Tropical Storm Rai to hit the Philippines as a typhoon Thursday


Rai currently has sustained winds of 110 kph (70 mph), putting it just shy of typhoon strength (119 kph or 74 mph).

Favorable conditions across the region, including very warm ocean waters and low wind shear, will likely lead to steady strengthening up to landfall.

The current forecast from the Joint Typhoon Warning Center is for Rai to peak reach 165 kph (105 mph) at landfall. This would make Rai equivalent to a Category 2 hurricane on the Saffir-Simpson Hurricane Wind Scale.

In the Philippines the storm is known as Odette and is being monitored locally by The Philippine Atmospheric, Geophysical and Astronomical Services Administration (PAGASA).

The outer bands of the storm will spread rain into the southern and central regions of the country Wednesday, according to PAGASA.

Thursday morning through Friday morning, the rains are expected to be “heavy to intense and at times torrential,” PAGASA said in its forecast bulletin early Wednesday morning.

More than 250 mm (10 inches) of rain will fall across portions of Mindanao and the Visayas. The intense rain is expected to cause widespread flooding, flash flooding, and landslides in higher terrain.

PAGASA has already issued Tropical Cyclone Warning Signal 1 for high winds along the coast within the next 36 hours. The agency says it will likely raise the warnings to Signal 2 on Wednesday and Signal 3 on Thursday as typhoon-strength winds move onshore.

Wednesday is a day for preparations to occur ahead of the primary impacts. Conditions across the region are expected to steadily deteriorate Thursday, with the storm ultimately making landfall Thursday afternoon or evening local time (early Thursday morning ET).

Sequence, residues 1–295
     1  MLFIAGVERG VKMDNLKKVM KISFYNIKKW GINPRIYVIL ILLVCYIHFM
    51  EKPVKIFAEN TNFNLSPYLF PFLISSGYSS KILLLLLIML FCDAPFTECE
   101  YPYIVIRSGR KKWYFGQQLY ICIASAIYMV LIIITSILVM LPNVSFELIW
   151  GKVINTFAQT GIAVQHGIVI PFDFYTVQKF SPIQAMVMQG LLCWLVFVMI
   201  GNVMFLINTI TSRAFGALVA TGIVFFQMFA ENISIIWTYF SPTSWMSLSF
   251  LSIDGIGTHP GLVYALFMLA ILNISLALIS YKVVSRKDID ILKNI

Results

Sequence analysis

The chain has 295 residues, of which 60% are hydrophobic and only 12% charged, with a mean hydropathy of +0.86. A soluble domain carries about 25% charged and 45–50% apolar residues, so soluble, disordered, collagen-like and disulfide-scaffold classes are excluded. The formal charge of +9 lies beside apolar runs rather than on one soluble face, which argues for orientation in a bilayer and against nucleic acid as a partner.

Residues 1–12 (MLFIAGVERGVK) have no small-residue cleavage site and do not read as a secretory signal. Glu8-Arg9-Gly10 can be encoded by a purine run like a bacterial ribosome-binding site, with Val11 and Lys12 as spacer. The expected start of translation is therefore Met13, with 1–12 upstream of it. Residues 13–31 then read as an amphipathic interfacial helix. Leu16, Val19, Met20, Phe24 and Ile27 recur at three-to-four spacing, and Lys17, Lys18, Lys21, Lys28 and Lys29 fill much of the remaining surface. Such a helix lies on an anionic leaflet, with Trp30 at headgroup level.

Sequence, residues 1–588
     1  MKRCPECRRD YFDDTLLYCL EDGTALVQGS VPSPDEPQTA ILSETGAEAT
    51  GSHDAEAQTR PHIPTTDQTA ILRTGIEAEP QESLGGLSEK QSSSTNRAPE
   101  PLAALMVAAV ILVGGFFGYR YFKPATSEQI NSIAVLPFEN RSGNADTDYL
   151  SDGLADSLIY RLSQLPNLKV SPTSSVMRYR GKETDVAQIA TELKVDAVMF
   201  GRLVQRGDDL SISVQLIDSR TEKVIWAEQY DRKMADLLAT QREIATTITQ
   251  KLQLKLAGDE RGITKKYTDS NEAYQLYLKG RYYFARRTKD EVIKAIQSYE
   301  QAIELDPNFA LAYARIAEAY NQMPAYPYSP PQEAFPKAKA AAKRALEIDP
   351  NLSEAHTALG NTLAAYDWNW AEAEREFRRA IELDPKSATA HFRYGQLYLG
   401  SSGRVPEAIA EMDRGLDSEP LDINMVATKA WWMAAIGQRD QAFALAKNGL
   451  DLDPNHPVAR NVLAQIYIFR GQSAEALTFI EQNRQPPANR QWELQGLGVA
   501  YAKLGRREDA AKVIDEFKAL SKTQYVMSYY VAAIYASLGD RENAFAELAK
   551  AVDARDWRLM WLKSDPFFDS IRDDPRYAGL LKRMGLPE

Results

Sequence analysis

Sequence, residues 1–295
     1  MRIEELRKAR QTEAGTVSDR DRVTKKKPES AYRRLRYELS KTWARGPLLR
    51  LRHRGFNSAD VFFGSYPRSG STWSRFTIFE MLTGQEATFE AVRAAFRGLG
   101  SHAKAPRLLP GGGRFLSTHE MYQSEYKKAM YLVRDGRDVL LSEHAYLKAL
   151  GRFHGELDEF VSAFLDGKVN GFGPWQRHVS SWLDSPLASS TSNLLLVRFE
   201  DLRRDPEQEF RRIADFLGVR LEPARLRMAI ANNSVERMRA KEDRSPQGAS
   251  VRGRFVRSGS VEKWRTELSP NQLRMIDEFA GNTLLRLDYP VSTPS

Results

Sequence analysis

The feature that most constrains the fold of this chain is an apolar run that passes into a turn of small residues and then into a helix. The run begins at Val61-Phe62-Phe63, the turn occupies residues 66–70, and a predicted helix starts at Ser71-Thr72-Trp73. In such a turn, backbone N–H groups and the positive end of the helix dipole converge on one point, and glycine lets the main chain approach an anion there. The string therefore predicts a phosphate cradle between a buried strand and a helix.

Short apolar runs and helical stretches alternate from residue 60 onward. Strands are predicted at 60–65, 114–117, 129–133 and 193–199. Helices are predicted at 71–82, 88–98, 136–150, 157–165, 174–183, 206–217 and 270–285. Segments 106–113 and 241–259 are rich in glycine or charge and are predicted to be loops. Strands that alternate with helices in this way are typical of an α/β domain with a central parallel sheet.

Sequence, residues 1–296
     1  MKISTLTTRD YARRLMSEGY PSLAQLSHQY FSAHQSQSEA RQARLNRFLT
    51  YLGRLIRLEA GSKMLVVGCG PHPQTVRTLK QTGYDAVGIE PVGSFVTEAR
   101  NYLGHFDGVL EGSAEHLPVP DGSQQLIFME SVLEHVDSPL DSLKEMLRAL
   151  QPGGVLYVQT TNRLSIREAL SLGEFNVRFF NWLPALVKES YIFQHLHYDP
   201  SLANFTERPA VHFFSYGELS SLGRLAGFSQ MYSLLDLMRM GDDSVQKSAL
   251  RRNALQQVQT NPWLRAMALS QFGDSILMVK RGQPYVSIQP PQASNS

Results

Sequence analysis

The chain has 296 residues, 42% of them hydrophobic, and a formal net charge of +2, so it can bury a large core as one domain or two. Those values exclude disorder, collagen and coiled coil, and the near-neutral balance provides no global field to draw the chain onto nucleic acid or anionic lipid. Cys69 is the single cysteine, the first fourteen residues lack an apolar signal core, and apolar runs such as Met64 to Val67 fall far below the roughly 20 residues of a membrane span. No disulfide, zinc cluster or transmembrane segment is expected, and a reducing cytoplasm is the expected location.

In addition to the strong winds, flooding and landslides, coastal regions will be on alert for two to three meters of storms surge and shipping vessels will face extremely rough seas over the next several days.

December storms are not uncommon

In the West Pacific there is no defined “season” for tropical systems as there are in other basins like the North Atlantic (June 1 to November 30). While activity peaks in the late summer to early autumn, storms can occur in any month of the year.

The Philippines is no stranger to catastrophic storms in December. In the last decade, numerous intense and deadly storms have impacted the region.

In 2011, Tropical Storm Washi killed well over 1,000 people in the southern Philippines and never made it to typhoon status. The storm was comparatively weak, but dumped massive amounts of rainfall, leading to devastating flash flooding and landslides during the overnight hours while people were sleeping.
Just a year later, in December 2012, Bopha also hit the southern Philippines region of Mindanao. Bopha was much stronger than Washi, hitting the region as a super typhoon, and also killed more than 1,000 people.
The Philippines were also struck by strong and deadly typhoons in December 2014 (Hagupit) and 2016, when Typhoon Nockten struck on Christmas Day.



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